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Area 4-1-Zoo: Who Will Win The Big East?

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Pitt is alone in first place in the Big East with a 4-3 (2-0 Big East) record.

However, this is a conference that is as wide open as any in college football. So Pitt Blather, The Fighting Wannstaches and Pitt Script join me to debate who is the favorite to win the Big East, and touch on our thoughts for the Panthers’ noon kickoff at Heinz Field against Louisville. What will the outcome be?

Question #1: Who is the front-runner to win the Big East?

Pitt Blather: As long as you leave UConn out of the hat, you could probably just pull names out of a hat to accurately call who will win the Big East. Pitt and WVU should be the favorites but the way the teams are playing, the consistency has been lacking. That makes it increasingly weird and not predictable.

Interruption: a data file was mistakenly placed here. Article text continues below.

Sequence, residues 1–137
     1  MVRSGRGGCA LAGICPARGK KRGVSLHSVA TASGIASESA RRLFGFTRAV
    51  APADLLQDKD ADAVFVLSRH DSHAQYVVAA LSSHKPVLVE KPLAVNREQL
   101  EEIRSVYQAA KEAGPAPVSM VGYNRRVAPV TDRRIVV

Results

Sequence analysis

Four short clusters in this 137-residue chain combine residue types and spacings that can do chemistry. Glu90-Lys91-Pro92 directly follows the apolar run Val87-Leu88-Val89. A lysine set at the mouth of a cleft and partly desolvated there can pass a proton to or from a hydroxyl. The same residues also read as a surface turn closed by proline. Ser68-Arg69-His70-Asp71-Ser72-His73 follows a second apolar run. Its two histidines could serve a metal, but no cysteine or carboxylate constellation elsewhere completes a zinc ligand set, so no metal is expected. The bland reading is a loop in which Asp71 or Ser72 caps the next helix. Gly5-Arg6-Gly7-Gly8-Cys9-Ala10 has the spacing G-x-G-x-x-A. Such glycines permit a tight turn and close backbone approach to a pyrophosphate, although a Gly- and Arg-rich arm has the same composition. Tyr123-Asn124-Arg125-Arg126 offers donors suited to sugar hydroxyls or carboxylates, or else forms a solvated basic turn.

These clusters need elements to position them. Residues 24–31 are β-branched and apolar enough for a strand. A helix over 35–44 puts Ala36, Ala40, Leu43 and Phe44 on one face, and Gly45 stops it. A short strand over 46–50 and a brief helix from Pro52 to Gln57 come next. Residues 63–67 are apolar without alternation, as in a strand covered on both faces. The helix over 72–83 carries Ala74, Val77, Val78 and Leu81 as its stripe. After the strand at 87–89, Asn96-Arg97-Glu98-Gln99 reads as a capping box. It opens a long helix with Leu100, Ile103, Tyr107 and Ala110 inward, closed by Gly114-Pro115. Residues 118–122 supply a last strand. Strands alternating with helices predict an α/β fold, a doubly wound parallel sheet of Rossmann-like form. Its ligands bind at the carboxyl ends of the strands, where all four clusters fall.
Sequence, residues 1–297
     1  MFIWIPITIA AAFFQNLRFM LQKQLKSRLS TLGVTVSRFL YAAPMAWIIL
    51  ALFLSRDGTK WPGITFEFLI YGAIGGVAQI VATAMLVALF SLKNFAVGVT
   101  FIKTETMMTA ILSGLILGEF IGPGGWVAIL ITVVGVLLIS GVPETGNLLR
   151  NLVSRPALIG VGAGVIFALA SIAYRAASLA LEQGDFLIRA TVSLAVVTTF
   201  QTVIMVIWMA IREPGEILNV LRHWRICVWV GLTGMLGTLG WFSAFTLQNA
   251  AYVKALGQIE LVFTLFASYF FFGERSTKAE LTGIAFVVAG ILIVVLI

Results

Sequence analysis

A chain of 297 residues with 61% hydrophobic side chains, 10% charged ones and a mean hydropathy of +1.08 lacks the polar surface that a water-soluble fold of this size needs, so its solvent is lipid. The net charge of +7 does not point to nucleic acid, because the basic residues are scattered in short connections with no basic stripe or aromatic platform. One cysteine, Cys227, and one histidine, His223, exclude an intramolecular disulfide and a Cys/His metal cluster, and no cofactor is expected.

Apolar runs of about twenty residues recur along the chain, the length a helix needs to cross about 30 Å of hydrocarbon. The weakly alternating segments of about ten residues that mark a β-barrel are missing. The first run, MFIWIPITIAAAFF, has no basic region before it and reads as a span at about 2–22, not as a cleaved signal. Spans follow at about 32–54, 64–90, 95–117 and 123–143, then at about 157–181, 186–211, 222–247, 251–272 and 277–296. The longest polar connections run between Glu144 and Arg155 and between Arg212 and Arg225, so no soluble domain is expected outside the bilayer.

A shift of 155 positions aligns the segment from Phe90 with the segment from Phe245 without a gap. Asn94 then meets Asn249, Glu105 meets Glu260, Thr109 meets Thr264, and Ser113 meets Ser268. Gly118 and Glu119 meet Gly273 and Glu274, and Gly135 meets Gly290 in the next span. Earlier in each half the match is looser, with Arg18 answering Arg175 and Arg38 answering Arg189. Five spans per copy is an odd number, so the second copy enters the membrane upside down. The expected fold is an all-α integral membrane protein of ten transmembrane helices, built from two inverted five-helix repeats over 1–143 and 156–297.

The Fighting Wannstaches: For the last couple weeks, since Pitt’s non-conference downfall, that team was West Virginia. Now, all of a sudden, that team appears to be Pitt again after back-to-back 40+ point games, including a convincing win at Syracuse who went to Morgantown the following week and beat the Mountaineers. Both teams still control their own destiny at this point, but we’ll give the slight edge to the Panthers only because they have a 1 game lead on the rest of the conference and some room for error…but we’re hoping they don’t need it.

Pitt Script: It was a bumpy ride, but as expected, Pitt and WVU are the only teams that look to be a serious threat in the conference. If both teams keep winning — and there’s no reason not to — the Backyard Brawl should come very close to deciding the Big East. Syracuse beating WVU is not really important since if WVU were to beat an undefeated Pitt, both teams would have one conference loss and WVU would own the head-to-head. What Pitt needs is one more WVU loss in order to give them some breathing room going into the Brawl.